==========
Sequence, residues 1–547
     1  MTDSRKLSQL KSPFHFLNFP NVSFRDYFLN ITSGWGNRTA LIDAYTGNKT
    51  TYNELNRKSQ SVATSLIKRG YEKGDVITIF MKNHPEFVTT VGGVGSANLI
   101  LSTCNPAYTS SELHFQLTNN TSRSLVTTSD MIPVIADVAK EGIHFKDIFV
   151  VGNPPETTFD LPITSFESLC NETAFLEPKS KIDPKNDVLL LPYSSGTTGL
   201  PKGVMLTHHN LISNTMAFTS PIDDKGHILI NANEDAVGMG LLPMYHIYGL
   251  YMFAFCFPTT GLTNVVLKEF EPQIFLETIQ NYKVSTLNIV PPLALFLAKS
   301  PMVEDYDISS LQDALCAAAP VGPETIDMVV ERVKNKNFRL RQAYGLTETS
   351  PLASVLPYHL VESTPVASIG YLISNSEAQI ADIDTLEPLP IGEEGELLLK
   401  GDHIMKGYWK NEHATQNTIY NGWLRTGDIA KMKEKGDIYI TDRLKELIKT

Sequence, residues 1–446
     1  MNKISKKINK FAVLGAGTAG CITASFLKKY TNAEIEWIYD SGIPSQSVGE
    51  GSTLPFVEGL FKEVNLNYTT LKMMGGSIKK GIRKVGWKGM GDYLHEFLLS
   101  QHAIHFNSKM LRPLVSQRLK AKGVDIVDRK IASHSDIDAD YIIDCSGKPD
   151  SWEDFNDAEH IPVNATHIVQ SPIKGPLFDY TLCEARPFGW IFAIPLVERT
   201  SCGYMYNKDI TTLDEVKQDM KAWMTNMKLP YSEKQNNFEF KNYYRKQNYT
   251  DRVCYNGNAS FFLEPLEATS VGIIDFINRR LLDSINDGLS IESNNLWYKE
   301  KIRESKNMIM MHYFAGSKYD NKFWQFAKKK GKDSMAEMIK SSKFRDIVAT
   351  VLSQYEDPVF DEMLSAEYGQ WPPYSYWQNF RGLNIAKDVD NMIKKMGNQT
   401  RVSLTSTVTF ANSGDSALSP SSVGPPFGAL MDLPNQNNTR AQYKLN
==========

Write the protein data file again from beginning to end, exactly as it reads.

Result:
Sequence, residues 1–547
     1  MTDSRKLSQL KSPFHFLNFP NVSFRDYFLN ITSGWGNRTA LIDAYTGNKT
    51  TYNELNRKSQ SVATSLIKRG YEKGDVITIF MKNHPEFVTT VGGVGSANLI
   101  LSTCNPAYTS SELHFQLTNN TSRSLVTTSD MIPVIADVAK EGIHFKDIFV
   151  VGNPPETTFD LPITSFESLC NETAFLEPKS KIDPKNDVLL LPYSSGTTGL
   201  PKGVMLTHHN LISNTMAFTS PIDDKGHILI NANEDAVGMG LLPMYHIYGL
   251  YMFAFCFPTT GLTNVVLKEF EPQIFLETIQ NYKVSTLNIV PPLALFLAKS
   301  PMVEDYDISS LQDALCAAAP VGPETIDMVV ERVKNKNFRL RQAYGLTETS
   351  PLASVLPYHL VESTPVASIG YLISNSEAQI ADIDTLEPLP IGEEGELLLK
   401  GDHIMKGYWK NEHATQNTIY NGWLRTGDIA KMKEKGDIYI TDRLKELIKT

Sequence, residues 1–446
     1  MNKISKKINK FAVLGAGTAG CITASFLKKY TNAEIEWIYD SGIPSQSVGE
    51  GSTLPFVEGL FKEVNLNYTT LKMMGGSIKK GIRKVGWKGM GDYLHEFLLS
   101  QHAIHFNSKM LRPLVSQRLK AKGVDIVDRK IASHSDIDAD YIIDCSGKPD
   151  SWEDFNDAEH IPVNATHIVQ SPIKGPLFDY TLCEARPFGW IFAIPLVERT
   201  SCGYMYNKDI TTLDEVKQDM KAWMTNMKLP YSEKQNNFEF KNYYRKQNYT
   251  DRVCYNGNAS FFLEPLEATS VGIIDFINRR LLDSINDGLS IESNNLWYKE
   301  KIRESKNMIM MHYFAGSKYD NKFWQFAKKK GKDSMAEMIK SSKFRDIVAT
   351  VLSQYEDPVF DEMLSAEYGQ WPPYSYWQNF RGLNIAKDVD NMIKKMGNQT
   401  RVSLTSTVTF ANSGDSALSP SSVGPPFGAL MDLPNQNNTR AQYKLN